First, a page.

Young Upstarts

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7 Ways To Master The Art Of Running A One-Person Business

home office work

By Greg Waldorf, CEO of Invoice2go

Being a one-man or woman-show is a tough gig, but for someone taking the leap of faith on a business idea, and taking control of your own destiny outside the 9 to 5, it can be extremely rewarding too. There are many solopreneur success stories out there. Some of these businesses are founded by people who are passionate about a cause, like Saha Global’s mission to help with the world water crisis, others are entrepreneurs seeking to fill an underserved niche, as these 12 business owners did. Despite their differences, all of them had one thing in common: they succeeded by learning the art of running a one-person business and by focusing on a few key elements.

Here are the top tips for running a successful business on your own:

1. Take full advantage of your most productive times.

Reflect on what your most productive hours in the day are, and set yourself up for success within those hours. If you’re thinking clearest and working most effectively in the early morning hours, block those hours out for your most important work. Don’t waste those precious hours on cleaning out your email or reworking your schedule.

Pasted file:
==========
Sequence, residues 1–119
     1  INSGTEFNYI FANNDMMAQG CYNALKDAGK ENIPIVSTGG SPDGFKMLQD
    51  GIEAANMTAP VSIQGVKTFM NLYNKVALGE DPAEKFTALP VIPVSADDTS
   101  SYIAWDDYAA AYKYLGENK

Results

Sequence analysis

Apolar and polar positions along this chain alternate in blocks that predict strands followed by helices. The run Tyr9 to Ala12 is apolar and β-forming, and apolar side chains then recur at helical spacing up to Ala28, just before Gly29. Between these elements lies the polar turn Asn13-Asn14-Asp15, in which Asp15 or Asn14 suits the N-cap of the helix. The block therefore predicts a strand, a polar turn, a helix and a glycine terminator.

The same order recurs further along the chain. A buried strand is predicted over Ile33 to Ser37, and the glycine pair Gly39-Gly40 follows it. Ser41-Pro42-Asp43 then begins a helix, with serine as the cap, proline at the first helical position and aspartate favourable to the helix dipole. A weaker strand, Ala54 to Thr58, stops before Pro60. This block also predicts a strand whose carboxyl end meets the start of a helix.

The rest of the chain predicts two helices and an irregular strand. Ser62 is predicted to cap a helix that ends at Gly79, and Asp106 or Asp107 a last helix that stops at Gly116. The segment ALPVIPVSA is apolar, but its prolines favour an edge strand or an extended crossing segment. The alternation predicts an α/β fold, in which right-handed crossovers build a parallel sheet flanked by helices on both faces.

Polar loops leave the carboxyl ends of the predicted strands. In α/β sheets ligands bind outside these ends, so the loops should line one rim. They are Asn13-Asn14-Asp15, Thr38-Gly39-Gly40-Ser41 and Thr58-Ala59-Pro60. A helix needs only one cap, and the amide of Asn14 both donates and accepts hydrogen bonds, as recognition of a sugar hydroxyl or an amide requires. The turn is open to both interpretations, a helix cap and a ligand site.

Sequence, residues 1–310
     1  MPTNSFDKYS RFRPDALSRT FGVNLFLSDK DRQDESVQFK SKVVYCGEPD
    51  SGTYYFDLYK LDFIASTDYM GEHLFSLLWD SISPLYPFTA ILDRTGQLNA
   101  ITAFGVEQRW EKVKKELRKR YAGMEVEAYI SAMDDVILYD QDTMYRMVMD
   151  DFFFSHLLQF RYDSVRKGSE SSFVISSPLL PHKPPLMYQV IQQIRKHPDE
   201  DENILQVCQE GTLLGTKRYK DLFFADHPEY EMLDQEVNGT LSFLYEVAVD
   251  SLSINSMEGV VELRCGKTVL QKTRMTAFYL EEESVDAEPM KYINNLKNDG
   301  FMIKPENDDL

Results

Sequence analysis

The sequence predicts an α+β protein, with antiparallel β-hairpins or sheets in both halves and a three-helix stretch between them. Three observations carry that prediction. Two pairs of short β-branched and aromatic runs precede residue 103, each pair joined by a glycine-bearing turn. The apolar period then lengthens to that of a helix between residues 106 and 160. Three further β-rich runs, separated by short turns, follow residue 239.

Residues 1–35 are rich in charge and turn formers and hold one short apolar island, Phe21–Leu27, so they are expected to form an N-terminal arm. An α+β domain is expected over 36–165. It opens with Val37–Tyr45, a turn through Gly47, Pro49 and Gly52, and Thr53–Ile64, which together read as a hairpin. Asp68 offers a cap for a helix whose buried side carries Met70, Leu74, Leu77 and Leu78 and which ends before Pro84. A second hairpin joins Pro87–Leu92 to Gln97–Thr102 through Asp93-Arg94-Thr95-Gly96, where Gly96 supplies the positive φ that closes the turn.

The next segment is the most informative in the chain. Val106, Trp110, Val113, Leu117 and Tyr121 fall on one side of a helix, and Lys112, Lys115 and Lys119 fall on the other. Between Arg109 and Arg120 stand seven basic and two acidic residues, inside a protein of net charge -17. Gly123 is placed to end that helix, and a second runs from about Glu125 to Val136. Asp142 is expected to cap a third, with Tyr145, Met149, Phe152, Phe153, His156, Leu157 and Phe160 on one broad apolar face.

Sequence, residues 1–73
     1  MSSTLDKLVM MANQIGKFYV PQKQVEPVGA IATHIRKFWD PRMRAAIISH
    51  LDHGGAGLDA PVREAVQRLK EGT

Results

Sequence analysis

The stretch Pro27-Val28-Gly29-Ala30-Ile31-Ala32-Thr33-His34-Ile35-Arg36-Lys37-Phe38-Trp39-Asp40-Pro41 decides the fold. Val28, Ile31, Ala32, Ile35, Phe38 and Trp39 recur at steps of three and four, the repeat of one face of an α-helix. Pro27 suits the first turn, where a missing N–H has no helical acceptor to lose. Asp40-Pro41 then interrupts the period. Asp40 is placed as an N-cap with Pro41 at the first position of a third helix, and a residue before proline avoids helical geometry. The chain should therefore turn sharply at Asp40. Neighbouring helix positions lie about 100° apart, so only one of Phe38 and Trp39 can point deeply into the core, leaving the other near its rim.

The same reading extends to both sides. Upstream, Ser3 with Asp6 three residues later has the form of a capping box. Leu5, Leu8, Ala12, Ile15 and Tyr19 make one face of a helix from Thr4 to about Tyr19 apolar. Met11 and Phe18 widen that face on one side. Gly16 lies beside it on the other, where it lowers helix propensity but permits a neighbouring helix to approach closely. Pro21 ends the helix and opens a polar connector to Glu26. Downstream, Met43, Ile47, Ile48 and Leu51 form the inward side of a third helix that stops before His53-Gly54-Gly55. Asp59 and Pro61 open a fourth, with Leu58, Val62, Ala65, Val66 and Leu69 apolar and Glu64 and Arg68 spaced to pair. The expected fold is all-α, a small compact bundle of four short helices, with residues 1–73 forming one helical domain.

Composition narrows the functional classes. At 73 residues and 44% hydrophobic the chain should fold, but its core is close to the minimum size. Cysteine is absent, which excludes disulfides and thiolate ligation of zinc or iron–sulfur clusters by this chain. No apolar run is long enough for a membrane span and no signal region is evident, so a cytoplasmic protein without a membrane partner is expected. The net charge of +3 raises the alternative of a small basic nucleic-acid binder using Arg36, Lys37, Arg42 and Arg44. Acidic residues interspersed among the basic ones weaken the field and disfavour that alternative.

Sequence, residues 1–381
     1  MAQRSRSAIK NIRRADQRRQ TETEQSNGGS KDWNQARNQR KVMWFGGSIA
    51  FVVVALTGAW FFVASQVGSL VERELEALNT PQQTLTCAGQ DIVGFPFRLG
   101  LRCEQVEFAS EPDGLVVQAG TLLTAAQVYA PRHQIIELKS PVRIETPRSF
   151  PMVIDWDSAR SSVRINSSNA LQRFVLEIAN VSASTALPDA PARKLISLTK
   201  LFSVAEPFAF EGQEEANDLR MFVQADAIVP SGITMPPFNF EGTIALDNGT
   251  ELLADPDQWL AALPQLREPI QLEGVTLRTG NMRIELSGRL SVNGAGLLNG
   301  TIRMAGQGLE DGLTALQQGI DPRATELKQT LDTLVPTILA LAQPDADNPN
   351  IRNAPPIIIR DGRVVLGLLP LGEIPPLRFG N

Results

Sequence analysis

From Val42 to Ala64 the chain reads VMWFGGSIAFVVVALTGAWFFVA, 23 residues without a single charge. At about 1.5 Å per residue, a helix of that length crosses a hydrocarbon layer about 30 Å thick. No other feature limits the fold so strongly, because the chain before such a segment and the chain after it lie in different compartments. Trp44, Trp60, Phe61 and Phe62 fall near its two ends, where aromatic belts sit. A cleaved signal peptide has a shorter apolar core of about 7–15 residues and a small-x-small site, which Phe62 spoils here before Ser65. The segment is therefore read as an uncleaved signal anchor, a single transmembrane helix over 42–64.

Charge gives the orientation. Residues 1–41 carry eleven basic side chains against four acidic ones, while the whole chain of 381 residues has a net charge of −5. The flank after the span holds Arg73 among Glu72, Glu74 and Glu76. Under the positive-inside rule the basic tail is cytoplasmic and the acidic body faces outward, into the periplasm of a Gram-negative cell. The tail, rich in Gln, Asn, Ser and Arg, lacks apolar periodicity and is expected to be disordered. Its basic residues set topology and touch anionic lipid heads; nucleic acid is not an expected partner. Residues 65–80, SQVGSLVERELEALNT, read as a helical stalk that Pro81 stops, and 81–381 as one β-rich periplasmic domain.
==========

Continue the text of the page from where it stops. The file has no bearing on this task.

2. Actively manage your cash flow.

Income can be sporadic when you’re a solo business owner. By taking an active role in managing cash flow, you can smooth out ups and downs and be more in control. Apps like Invoice2go enable you to invoice your clients immediately from your mobile phone, and collect online payments straight from the invoice. The longer you wait to send an invoice, and the more difficult you make it to pay, the longer they’ll take to pay you. According to the Federal Reserve’s Cash Product’s Office, 65% of people prefer paying by debit and credit card, over cash or checks. Give people the payment options they expect, track who still owes you money, and follow up on unpaid invoices.

3. Streamline all your administrative tasks.

It’s incredible how much time people waste doing simple admin tasks the long, manual way. If you spend hours figuring out your expenses at the end of the week, you can likely tighten your process. Receipt capture apps are great for keeping track of expenses as you incur them. If you are filing papers away in a physical file, you’re probably losing time every time you need to search, scan, and email a copy to someone else. Use cloud-storage through Google Drive or Dropbox so you can do all these tasks online in seconds.

4. Delegate to get stuff done.

The idea of delegating out tasks may seem counterintuitive, but with a host of online tools designed specifically to help business owners like you, you can get creative with using outside talent. Decide what takes up the most time out of your day. If it’s writing, research, or admin work, hire freelancers via the likes of Upwork. Even physical jobs like setting up a home office, or doing computer repairs can be outsourced easily with sites like Thumbtack which help you find pros in your area that can get the job done for you.